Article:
The data in Table 6 is analogous to the message: “Associate field identifier #6 to the last field in the stream of data that you receive, associate field identifier #3 to the first before that in the stream of data that you receive, associate field identifier #1 to the first before that in the stream of data that you receive, associate field identifier #1 to the first before that in the stream of data that you receive, associate field identifier #2 to the first before that in the stream of data that you receive, associate field identifier #4 to the first before that in the stream of data that you receive, and associate field identifier #5 to the first before that in the stream of data that you receive.”

In some alternative embodiments of the present invention, the source processor transmits the field identifiers to the adjunct processor and an explicit indication of which field identifiers are to be associated with which fields. For example, Table 7 depicts a mapping of the field identifiers to the fields of data with which they are to be associated.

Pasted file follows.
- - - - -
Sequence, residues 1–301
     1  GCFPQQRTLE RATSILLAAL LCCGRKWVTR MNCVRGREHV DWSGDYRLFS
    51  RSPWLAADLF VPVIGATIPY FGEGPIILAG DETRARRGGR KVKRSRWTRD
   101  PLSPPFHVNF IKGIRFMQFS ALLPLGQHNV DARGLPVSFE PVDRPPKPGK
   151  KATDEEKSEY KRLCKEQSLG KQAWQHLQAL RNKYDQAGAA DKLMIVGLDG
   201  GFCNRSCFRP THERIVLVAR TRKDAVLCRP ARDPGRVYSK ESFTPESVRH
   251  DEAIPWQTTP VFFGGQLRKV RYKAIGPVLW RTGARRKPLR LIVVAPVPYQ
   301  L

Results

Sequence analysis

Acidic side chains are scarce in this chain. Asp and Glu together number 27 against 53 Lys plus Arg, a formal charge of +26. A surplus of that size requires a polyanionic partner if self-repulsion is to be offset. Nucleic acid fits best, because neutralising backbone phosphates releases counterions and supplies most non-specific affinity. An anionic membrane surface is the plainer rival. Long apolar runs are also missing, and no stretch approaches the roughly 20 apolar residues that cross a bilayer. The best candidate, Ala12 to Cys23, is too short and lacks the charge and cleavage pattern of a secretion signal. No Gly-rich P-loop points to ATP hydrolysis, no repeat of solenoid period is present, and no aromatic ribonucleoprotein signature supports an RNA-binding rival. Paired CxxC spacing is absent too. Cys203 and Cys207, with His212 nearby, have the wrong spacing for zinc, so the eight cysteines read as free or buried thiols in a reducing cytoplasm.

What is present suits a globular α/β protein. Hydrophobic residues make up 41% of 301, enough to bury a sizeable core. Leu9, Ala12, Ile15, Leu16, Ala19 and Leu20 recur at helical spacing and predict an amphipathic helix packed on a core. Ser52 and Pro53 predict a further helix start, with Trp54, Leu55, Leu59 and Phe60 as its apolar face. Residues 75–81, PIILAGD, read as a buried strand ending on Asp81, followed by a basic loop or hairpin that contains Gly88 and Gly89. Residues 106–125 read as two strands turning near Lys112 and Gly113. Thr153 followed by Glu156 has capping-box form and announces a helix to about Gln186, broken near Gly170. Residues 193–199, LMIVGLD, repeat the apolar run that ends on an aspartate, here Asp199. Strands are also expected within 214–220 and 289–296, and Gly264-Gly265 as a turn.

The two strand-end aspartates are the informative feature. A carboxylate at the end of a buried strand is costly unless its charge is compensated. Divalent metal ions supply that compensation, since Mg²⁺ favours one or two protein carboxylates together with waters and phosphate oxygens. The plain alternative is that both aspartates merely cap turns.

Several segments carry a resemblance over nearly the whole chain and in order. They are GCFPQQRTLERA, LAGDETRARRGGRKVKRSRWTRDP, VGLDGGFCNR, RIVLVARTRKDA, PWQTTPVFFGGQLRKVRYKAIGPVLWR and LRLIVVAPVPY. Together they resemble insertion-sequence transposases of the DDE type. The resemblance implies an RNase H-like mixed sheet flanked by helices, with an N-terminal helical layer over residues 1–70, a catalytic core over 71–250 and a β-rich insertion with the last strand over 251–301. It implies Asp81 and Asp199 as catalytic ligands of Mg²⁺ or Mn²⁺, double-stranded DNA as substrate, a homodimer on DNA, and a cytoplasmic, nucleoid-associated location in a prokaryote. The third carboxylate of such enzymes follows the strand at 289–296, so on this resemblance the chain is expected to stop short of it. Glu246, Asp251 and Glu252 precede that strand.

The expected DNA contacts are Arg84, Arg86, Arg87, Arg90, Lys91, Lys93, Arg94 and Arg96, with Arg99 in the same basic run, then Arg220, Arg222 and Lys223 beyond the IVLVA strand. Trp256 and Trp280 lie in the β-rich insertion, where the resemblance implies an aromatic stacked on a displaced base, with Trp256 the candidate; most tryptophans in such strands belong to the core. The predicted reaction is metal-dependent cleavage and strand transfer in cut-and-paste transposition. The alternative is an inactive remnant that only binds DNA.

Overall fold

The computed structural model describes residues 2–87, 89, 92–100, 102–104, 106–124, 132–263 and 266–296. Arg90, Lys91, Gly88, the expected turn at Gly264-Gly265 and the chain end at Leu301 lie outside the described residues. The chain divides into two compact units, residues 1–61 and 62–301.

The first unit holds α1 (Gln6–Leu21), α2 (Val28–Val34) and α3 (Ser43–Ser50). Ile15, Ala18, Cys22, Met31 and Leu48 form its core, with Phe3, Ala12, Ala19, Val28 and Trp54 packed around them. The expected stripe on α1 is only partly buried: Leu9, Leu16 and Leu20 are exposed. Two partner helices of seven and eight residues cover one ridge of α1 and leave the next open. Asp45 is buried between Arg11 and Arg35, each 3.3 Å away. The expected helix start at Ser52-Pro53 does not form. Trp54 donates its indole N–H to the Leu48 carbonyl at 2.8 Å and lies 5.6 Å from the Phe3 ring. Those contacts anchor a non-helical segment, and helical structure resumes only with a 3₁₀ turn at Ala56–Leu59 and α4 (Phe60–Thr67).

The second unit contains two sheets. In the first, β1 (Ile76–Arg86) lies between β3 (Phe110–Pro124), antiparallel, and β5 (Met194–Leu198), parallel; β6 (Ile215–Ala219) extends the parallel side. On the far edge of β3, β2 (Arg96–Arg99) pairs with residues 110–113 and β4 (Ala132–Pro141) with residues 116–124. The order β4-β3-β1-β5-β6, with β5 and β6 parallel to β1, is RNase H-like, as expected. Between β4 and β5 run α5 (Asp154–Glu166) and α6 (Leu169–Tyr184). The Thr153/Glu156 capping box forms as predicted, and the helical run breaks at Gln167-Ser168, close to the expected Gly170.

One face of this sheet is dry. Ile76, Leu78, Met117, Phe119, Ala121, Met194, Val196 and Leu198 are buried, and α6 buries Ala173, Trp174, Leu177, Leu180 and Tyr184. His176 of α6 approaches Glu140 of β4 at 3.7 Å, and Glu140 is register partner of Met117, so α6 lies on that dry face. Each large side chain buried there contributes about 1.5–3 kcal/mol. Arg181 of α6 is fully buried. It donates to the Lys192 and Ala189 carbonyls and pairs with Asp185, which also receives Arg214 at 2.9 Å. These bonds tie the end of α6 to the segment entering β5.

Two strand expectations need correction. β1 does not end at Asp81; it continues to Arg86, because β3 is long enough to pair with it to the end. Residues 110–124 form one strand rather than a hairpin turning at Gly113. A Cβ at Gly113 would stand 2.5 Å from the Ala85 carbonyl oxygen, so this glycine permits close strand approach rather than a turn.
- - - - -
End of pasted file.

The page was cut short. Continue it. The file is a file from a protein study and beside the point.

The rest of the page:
TABLE 7
Explicit Mapping of Field Identifiers to Augmented Payload Fields
Field Identifier Association to Augmented Payload Field
1 Fields 4 & 6
2 Field 3
3 Field 5
4 Field 2
5 Field 1
6 Field 7
7 - none -
8 - none -

The data in Table 7 is analogous to the message: “Associate field identifier #1 to the fourth and sixth fields that you receive in the stream of data, associate field identifier #2 to the third field that you receive in the stream of data, associate field identifier #3 to the fifth field that you receive in the stream of data, associate field identifier #4 to the second field that you receive in the stream of data, associate field identifier #5 to the first field that you receive in the stream of data, and associate field identifier #6 to the seventh field that you receive in the stream of data.”